Celebrating Anthea Butler's receipt of the Martin E. Marty Award for the Public Understanding of Religion
Emily Anderson, Lloyd Barba, Anthea Butler, Samah Choudhury, Gillian Frank, Abel Gómez, Charles McCrary, Samira Mehta, Bradley Onishi, Jalane Schmidt, Audrey Truschke, Robin Globus Veldman
What do we need to know about public scholarship on religion right now?
The dramatic presence of religious practitioners, slogans, and material culture at recent violent political events—like the January 6th insurrectionin the United States and the January 8th coup attempt in Brazil—have reinforced the importance of understanding religion’s role in shaping politics and publics. Meanwhile, religion’s complicated standing in the eyes of law and regimes of secularism is still unfolding: in July 2022, the assassination of Japanese Prime Minister Abe Shinzō led to calls to investigate religious organizations. And in South Korea, concerns about public safety during the coronavirus pandemic led to heightened scrutiny of marginalized religious organizations.
Against the backdrop of these sensational spectacles and vehement debates, calls for scholars of religion to actively engage public audiences have increased. Yet scholars remain divided about best practices for engaging non-academic audiences. Such debates include questions about whether scholars have an obligation to critique specific political positions, or whether our job is solely to help misunderstood people and groups gain legibility. Differences in scholarly orientation and method also inform contentious disagreements about whether emerging categories like “white Christian nationalism” have analytic purchase.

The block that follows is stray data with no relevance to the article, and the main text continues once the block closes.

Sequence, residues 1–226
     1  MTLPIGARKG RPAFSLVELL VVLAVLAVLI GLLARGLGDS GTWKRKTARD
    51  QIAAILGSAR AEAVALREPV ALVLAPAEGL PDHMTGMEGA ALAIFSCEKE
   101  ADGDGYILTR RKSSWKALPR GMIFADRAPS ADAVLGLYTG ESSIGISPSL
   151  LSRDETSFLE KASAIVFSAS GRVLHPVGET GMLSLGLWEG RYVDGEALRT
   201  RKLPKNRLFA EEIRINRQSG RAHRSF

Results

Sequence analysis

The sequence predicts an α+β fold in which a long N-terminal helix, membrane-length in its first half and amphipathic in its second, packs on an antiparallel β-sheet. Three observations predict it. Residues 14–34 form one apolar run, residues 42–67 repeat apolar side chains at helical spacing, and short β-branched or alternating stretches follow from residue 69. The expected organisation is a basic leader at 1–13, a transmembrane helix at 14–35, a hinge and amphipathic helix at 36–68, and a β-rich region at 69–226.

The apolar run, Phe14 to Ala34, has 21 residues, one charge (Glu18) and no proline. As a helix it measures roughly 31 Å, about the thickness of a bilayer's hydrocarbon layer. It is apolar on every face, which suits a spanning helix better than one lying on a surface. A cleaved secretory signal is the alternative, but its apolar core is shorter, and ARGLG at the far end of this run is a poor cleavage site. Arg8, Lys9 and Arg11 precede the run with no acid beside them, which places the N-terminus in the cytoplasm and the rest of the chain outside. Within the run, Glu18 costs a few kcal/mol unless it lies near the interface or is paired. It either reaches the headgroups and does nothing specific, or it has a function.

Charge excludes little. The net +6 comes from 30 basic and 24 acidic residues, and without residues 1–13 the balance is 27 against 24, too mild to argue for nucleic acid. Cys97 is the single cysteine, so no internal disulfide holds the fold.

One thing is clear: to remain silent is already to stake out a position in these debates.
The 2023 Boardman Symposium brings together a wide range of leading scholars of religion to consider what it means to do religious studies in public. Our roster of speakers includes scholars who are also museum curators, podcasters, bloggers, op-ed writers, authors of trade books, and teachers who involve their students in public outreach. Together, we will discuss how we can be both responsible to the facts and responsive to the demands of the present moment. We will consider the promises and pitfalls of thinking about religion in public.